Critical violations of state sanitation and safety laws observed last week by inspectors at three South Florida restaurants prompted the Florida Department of Business & Professional Regulation to cite the owners and briefly suspend operations, reports show.
The high priority violations and some intermediate violations found by inspectors at each place are listed below. To see one of DBPR’s full reports, please search our database.
Mai Kai Polynesian Restaurant, 3599 N. Federal Highway, Oakland Park was closed April 24 after an inspector observed violations that included: Food held at improper temperatures and a stop sale order was issued; the establishment was not maintaining tags for 90 days for mussels; non-exempt, raw salmon served in sushi rolls had not undergone proper parasite destruction; ham, cheese, beef, duck, seafood and plant foods were held at greater than 41 degrees Fahrenheit; prime rib was discarded because it was not cooled from 135 degrees Fahrenheit to 41 degrees within a total of six hours; raw beef was stored over ice cream; the certified food manager or person in charge lacked knowledge of the employee health policy and health requirements; an employee failed to wash hands before putting on gloves to work with food; two coolers were not maintaining proper temperatures; a vacuum breaker was missing at a hose bibb; 20 fresh and dry rodent droppings were in storage areas; a dozen roaches were seen, including one in the ice crusher and one on a prep table, and there were small flying insects were in the bar area.
The business met inspection standards on April 25 and was allowed to reopen when it was found conditions were no longer a threat to public health and safety.
“We are completely committed to our guests’ safety and well-being and we did everything we could to address the situation,” said Pia Dahlquist, Mai Kai’s director of sales and marketing. “Of course we were open the next day. We’ve been here since 1956, and we are a large restaurant, committed to making every night a wonderful experience for our customers as we have for 58 years, and we will continue to do so.”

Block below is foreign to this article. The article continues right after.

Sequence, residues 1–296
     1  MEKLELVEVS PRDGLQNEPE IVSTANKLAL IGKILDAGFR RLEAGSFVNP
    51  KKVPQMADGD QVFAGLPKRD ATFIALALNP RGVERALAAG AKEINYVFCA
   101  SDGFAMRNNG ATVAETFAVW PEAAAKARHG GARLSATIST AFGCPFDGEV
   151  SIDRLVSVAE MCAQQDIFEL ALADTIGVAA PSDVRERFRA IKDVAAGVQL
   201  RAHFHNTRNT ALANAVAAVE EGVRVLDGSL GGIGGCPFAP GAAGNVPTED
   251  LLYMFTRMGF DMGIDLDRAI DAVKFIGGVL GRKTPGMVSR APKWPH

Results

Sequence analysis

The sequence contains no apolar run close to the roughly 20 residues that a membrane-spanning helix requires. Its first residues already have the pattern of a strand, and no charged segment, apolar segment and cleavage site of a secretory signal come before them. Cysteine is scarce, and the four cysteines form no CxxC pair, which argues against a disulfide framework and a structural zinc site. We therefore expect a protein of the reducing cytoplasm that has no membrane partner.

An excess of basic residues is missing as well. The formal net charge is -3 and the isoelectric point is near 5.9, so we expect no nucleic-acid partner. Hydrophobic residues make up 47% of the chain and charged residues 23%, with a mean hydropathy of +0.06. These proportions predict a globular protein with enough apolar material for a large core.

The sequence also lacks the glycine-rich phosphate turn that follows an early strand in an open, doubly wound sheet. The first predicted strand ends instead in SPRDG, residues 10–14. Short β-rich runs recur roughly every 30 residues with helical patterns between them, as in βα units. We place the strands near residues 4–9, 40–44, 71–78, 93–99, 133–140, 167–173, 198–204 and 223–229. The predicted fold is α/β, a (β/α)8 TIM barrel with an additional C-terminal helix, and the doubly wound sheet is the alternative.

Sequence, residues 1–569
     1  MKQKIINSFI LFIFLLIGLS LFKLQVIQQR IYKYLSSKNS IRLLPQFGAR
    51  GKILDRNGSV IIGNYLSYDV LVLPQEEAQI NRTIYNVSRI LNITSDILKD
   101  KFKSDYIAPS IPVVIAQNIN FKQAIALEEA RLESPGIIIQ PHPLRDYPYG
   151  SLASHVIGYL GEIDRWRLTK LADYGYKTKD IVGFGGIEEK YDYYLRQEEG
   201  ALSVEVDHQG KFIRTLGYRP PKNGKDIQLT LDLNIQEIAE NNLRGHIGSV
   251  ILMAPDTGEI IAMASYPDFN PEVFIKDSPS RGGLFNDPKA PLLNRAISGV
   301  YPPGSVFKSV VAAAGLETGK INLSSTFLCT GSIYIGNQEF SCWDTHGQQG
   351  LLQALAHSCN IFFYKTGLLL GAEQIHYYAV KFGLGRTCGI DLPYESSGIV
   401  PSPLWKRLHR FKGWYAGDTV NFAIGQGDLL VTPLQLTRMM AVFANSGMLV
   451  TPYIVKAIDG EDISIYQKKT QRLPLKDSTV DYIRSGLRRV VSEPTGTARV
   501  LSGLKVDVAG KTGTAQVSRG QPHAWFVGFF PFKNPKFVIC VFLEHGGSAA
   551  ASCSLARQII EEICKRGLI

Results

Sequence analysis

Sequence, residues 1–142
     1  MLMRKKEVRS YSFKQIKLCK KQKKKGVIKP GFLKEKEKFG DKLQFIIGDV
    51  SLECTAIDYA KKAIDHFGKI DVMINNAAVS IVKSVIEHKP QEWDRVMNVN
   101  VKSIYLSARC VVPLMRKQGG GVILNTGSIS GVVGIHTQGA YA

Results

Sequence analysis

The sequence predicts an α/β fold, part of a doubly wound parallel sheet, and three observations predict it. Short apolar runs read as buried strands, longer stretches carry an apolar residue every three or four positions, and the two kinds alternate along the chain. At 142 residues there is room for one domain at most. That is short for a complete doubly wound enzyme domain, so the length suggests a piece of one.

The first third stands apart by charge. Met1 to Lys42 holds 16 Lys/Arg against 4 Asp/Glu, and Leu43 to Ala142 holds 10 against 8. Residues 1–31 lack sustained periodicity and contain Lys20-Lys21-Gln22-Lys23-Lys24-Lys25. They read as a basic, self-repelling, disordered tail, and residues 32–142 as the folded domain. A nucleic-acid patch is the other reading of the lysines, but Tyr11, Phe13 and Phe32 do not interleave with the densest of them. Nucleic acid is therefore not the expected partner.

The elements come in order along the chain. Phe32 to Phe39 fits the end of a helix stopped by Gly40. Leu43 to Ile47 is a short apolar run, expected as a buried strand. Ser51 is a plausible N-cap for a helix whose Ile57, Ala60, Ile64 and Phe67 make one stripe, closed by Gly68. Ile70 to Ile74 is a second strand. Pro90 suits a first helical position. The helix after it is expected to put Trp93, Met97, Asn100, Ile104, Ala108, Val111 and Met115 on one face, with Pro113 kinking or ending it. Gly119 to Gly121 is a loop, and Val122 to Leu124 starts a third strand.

Church’s Chicken #536, 17331 U.S. Highway 1 south, Miami was closed April 25 after an inspector observed violations that included: Ready-to-eat, potentially hazardous food prepared on site, held more than 24 hours that was not properly date-marked; a dead garden worm was under cooking equipment and a live rodent crossed from one side of the kitchen floor to the other.
The business was allowed to reopen April 26 when it was found conditions were no longer a threat to public health and safety. The manager declined to comment.
A restaurant in the Grand Beach Hotel, 4835 Collins Ave., Miami Beach was closed April 21 after an inspector observed violations that included: Potentially hazardous food was held at improper temperatures and a stop sale order was issued; an employee failed to wash hands before putting on a new set of gloves to work with food; 10 dead roaches were in a glue trap in the bar area; more than 31 live roaches were on the premises; the manager lacked proof of food manager certification and no required proof of approved, employee training was provided for employees.
The business was allowed to reopen April 22 when it was found conditions were no longer a threat to public health and safety. Harald Bindeus, the hotel’s director of sales and marketing, said about the restaurant at the hotel, Chez Gaston, “The issue has been resolved. There is no further comment beyond that.”
The Crime & Safety blog reports on inspections of South Florida dining spots as the state pursues its goal to visit Florida’s 47,800 licensed restaurants.
If you're going out to eat, search our restaurant databases before you leave home.
The state says it's not the number of violations that will cause a restaurant to be temporarily shut down, but rather the nature of what an inspector finds that merits closing a business.
After a restaurant is shuttered, an inspector typically visits again within 24 hours and continues to visit until violations are resolved and the business can reopen. Repeat critical violations can lead to fines levied by the state.
If a bad dining experience makes you feel ill, it’s easy to complain to the Florida Department of Business & Professional Regulation by calling 850-487-1395 or by filing a report online at MyFloridaLicense.com. But beware: that’s not the place for personal vendettas. False reports can lead to misdemeanor charges.
And if you haven’t checked out a bistro’s inspection history online before making a reservation, state law requires restaurants to provide customers with a copy.